The world would have been a very different place if Churchill had changed his approach to the nuclear challenge. As Graham Farmelo makes clear, there were too many personal whims, reliance on dubious advice and the shoring up of what turned out to be a hollow reed, the US/British alliance. The story of the post-war period and the Cold War is a complex one – here it has been rendered understandable – a revelatory history of science and politics.
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Churchill's Bomb reveals a new aspect of the great Prime Minister's life, so far completely neglected by historians: his relations with his nuclear scientists, and his management of Britain's policy on atomic weapons. Graham Farmelo, the author of the celebrated and prize-winning biography of Paul Dirac, argues that Churchill was far more interested in science that he appeared. He made brave efforts to understand the exciting and sinister new world opened up by quantum physics in the 1920s and 30s, and wrote repeatedly about the coming of unimaginably dangerous new explosives. Britain then was the world leader in nuclear research. But when the awful possibility of actually building an atomic bomb raised its head, Churchill made crucial errors that ensured Britain's exclusion from the American-led project to build the bomb. He neglected an offer by Roosevelt to give Britain equal footing on the project and marginalized the real elite of British science, relying instead on the counsel of Frederick Lindemann, a wayward Oxford physicist hungry for power and resentful of scientists more brilliant than he was. As a result, Britain lost its leadership of this cutting-edge science and was denied access to the latest research. Churchill allowed himself to be fobbed off with emollient words from the notoriously evasive American President. In this original and controversial book, Graham Farmelo shows a new and less flattering side to the great war leader.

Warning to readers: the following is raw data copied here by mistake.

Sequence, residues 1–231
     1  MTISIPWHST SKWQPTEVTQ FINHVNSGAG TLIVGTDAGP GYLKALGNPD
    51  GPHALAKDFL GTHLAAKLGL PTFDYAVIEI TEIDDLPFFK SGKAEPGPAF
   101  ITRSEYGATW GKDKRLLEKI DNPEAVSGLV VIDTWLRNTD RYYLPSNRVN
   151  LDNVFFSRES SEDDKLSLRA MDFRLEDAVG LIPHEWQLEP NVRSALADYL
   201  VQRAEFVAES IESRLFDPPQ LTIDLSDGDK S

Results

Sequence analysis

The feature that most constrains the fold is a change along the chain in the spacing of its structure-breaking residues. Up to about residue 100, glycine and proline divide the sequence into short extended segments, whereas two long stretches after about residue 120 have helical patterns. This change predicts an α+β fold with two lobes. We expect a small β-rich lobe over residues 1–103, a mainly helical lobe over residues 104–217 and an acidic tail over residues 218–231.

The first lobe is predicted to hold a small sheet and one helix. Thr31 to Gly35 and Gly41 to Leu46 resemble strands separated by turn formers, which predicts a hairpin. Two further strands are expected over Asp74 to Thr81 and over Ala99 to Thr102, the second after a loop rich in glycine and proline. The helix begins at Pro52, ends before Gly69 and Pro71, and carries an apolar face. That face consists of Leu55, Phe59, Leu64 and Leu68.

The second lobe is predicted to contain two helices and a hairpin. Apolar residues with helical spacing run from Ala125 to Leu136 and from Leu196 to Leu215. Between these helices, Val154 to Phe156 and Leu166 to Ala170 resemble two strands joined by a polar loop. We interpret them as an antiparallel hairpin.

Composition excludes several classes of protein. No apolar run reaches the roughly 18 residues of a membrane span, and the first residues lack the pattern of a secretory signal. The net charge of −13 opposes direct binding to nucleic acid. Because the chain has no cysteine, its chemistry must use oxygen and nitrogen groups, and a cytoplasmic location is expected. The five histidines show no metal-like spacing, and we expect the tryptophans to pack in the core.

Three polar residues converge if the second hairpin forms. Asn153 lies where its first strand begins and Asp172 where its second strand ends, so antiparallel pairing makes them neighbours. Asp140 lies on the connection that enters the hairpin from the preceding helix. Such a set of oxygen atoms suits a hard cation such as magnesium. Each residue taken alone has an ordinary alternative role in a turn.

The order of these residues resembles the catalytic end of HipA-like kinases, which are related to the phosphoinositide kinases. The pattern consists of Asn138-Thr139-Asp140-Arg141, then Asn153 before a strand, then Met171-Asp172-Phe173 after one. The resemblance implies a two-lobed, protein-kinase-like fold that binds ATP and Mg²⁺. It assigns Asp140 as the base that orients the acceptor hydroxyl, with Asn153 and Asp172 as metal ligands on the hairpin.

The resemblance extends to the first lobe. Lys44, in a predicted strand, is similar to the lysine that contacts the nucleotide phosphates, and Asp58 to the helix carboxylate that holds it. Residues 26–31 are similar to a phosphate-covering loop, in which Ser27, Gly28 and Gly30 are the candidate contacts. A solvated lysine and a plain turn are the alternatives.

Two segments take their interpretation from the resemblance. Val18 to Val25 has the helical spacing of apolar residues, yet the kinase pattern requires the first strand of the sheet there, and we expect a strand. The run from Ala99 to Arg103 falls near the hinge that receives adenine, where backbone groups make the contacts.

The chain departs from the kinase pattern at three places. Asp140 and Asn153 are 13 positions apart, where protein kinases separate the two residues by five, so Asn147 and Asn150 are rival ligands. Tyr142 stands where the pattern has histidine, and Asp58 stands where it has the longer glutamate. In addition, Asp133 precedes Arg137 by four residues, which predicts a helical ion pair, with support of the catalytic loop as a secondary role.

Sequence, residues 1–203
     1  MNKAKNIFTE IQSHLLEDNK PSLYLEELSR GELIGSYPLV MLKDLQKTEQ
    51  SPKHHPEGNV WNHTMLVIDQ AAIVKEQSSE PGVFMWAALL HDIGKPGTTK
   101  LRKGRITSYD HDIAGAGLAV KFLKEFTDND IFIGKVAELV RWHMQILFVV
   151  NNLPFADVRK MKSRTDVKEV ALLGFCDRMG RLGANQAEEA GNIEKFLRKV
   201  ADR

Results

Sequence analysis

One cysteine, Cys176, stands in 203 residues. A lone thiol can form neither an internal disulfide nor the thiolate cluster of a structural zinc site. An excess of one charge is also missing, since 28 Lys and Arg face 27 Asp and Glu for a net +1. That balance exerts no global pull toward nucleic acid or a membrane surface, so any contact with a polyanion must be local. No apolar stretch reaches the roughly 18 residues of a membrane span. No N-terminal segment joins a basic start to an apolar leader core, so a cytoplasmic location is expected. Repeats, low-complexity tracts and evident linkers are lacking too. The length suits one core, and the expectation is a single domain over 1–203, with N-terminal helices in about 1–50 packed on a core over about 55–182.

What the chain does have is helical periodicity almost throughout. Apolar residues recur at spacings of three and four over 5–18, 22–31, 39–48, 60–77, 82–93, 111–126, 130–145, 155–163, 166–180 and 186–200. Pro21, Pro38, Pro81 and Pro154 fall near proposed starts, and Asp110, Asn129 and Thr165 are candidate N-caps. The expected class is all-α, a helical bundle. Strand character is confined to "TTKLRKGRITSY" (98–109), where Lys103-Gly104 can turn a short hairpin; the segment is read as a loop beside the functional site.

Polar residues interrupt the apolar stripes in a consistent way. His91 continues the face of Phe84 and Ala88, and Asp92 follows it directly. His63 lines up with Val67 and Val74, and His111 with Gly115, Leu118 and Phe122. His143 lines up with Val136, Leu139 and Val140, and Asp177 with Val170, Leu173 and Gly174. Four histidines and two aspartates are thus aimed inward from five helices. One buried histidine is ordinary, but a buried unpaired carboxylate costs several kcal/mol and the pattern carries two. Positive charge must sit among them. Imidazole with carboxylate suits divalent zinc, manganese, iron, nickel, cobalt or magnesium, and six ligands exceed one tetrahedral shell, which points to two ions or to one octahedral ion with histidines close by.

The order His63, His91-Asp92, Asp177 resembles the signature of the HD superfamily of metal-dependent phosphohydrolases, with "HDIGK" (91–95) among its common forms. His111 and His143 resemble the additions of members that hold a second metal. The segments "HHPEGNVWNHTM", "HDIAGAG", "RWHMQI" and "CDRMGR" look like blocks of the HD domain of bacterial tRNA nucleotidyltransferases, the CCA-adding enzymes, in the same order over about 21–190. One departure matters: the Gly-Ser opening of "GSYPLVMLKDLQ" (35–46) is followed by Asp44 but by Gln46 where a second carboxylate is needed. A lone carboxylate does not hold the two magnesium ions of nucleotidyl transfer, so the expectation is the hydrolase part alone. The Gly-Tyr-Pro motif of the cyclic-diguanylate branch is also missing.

Publication date: 03/10/2013
Publisher: Faber & Faber
|Publication date:||3rd October 2013|
|Publisher:||Faber & Faber|
|Genres:||Biography / Autobiography, eBook Favourites, History,|
Graham Farmelo is Senior Research Fellow at the Science Museum, London, and Adjunct Professor of Physics at Northeastern University, Boston, USA. He edited the best-selling It Must be Beautiful: Great Equations of Modern Science in 2002. His biography of Paul Dirac, The Strangest Man, won the 2009 Costa Biography Prize and the 2010 Los Angeles Times Science Book Prize. Author photo © Paul StuartMore About Graham Farmelo